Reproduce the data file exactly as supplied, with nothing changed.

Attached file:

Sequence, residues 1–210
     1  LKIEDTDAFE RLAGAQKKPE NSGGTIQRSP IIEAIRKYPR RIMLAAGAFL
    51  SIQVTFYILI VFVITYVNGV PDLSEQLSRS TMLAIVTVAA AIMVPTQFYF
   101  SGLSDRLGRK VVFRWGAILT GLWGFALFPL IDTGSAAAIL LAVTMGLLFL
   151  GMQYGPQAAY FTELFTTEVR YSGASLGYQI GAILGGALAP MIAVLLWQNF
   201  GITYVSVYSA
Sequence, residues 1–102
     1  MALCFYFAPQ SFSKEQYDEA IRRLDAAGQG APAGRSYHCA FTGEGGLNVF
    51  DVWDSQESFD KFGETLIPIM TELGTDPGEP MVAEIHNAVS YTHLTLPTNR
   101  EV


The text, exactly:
Sequence, residues 1–210
     1  LKIEDTDAFE RLAGAQKKPE NSGGTIQRSP IIEAIRKYPR RIMLAAGAFL
    51  SIQVTFYILI VFVITYVNGV PDLSEQLSRS TMLAIVTVAA AIMVPTQFYF
   101  SGLSDRLGRK VVFRWGAILT GLWGFALFPL IDTGSAAAIL LAVTMGLLFL
   151  GMQYGPQAAY FTELFTTEVR YSGASLGYQI GAILGGALAP MIAVLLWQNF
   201  GITYVSVYSA
Sequence, residues 1–102
     1  MALCFYFAPQ SFSKEQYDEA IRRLDAAGQG APAGRSYHCA FTGEGGLNVF
    51  DVWDSQESFD KFGETLIPIM TELGTDPGEP MVAEIHNAVS YTHLTLPTNR
   101  EV